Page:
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It is never too early to start thinking about the career that you want. This is asked by many parents of children at an early age, teachers in grade school and junior high, again in high school, but what is not always asked is “what is needed to accomplish or reach that career choice?” With school counselors’ roles evolving over the years, many students see them as leaders and someone they can turn to for advice. Counselors work in “diverse community settings designed to provide a variety of counseling, rehabilitation, and support services” (Counselors, 2010). This student interviewed, Miranda Angeles, an enrollment counselor at Mt. San Jacinto Community College (MSJC), in Menifee. Miranda has a BA in Psychology from the University of Phoenix. She has been with MSJC for a little over a year and works primarily with the incoming freshmen. During the interview, this student learned what Ms. Angeles’ responsibilities were and how vital they are to her students.
Ms. Angeles is in charge of a competency-based guidance program. This program “is designed to assist students with the development of their educational, personal, and career goals” (2014). She stated that she feels since college freshman are transitioning into adulthood and/or the work field, as well as separating from their parents and figuring out their own independence, this program is extremely helpful in outlining their goals. Students need a sense of guidance with making decisions, when making them for the first time on their own and that it were school counselors can help guide them. Ms. Angeles also shared the importance of picking a college and what the student should consider.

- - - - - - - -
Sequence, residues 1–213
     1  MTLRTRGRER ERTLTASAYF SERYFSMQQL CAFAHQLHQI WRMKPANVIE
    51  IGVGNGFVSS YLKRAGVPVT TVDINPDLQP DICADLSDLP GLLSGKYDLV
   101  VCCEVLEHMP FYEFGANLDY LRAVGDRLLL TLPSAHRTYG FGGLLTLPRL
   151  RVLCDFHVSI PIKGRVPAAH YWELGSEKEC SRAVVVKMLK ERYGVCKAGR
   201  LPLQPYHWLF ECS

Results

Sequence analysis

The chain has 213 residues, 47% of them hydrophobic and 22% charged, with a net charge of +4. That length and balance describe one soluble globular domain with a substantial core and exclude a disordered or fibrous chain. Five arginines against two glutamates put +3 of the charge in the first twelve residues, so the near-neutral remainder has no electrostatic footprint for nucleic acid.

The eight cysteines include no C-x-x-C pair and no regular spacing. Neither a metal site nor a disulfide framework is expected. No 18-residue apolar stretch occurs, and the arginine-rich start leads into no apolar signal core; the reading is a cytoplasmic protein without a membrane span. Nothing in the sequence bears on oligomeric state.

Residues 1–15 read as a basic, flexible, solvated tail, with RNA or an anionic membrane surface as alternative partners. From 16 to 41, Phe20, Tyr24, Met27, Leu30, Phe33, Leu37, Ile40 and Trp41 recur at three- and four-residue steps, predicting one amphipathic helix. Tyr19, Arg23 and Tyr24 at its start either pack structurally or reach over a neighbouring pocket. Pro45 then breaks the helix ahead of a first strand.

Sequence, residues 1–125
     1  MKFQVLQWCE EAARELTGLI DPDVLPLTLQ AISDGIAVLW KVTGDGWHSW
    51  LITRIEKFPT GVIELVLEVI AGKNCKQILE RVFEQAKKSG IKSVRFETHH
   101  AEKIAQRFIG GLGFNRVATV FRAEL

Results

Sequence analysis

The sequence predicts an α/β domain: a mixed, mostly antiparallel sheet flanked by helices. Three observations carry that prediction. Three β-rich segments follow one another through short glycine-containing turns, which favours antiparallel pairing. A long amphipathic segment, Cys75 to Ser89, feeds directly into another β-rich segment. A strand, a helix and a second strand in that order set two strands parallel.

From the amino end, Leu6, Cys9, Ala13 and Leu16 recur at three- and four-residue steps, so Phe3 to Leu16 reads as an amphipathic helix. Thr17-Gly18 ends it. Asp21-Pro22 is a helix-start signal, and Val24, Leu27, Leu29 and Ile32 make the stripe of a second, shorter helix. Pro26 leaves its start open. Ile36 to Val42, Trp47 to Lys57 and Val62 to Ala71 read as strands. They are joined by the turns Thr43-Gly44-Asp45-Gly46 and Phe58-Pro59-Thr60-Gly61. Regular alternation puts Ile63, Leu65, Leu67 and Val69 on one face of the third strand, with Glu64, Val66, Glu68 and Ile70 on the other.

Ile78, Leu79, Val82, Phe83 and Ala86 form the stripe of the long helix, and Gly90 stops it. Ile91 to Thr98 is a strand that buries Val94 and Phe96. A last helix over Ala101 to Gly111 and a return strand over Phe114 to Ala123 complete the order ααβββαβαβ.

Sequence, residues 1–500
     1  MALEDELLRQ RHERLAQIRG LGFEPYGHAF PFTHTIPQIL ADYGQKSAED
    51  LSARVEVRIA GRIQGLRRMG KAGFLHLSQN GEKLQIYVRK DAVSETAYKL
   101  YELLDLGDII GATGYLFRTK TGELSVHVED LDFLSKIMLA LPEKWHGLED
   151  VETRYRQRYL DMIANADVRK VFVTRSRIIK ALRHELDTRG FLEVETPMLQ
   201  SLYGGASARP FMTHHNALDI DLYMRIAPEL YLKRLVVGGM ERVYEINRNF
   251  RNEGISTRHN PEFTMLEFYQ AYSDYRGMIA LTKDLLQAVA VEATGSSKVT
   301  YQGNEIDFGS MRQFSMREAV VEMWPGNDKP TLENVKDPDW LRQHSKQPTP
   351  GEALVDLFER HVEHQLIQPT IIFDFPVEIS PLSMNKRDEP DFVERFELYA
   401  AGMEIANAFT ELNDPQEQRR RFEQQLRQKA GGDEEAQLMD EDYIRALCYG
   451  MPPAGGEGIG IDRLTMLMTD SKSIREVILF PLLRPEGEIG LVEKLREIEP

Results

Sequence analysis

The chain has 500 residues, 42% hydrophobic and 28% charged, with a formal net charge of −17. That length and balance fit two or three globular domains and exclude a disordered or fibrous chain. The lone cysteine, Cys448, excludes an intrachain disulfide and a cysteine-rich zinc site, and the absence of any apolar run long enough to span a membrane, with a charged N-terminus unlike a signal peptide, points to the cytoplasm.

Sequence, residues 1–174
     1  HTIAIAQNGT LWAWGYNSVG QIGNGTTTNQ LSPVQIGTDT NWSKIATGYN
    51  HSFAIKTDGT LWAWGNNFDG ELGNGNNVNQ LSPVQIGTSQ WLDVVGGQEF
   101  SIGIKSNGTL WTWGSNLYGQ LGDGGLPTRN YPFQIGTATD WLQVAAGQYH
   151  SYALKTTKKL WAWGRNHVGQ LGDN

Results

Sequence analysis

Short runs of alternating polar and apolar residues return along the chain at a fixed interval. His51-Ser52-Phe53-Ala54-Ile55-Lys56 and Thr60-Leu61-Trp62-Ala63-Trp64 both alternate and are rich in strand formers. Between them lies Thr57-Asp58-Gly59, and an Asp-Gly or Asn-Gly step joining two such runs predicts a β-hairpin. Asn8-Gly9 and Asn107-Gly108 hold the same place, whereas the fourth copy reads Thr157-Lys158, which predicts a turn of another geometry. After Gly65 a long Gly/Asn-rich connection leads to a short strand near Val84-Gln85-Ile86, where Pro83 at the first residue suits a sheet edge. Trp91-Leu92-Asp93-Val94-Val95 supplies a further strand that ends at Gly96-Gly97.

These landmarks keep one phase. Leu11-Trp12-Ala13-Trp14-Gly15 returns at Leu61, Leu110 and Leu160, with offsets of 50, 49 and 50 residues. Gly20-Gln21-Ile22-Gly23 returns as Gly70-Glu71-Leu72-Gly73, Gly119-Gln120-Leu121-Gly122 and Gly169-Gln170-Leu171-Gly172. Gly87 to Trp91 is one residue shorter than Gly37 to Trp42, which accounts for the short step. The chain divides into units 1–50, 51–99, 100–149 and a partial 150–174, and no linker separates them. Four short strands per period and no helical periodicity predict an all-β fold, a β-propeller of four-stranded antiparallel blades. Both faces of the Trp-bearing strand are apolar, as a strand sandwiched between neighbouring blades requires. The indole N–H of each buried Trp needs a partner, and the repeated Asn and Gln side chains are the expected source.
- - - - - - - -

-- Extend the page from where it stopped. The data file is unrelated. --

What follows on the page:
First, does the college have a program that peaks your interest in a potential career. Second, is the school accredited, meaning will your credits transfer elsewhere should you decide to change schools or want to further your education. Third, the location of the school and the student population in regards to class size for learning depending on your learning style. A smaller campus may be more appealing to you if you do better in smaller, close group setting. Fourth, the services offered at the school for the student. Do they have a student body, organized events such as dances or sports team. Lastly, what are the admission and financial aid process.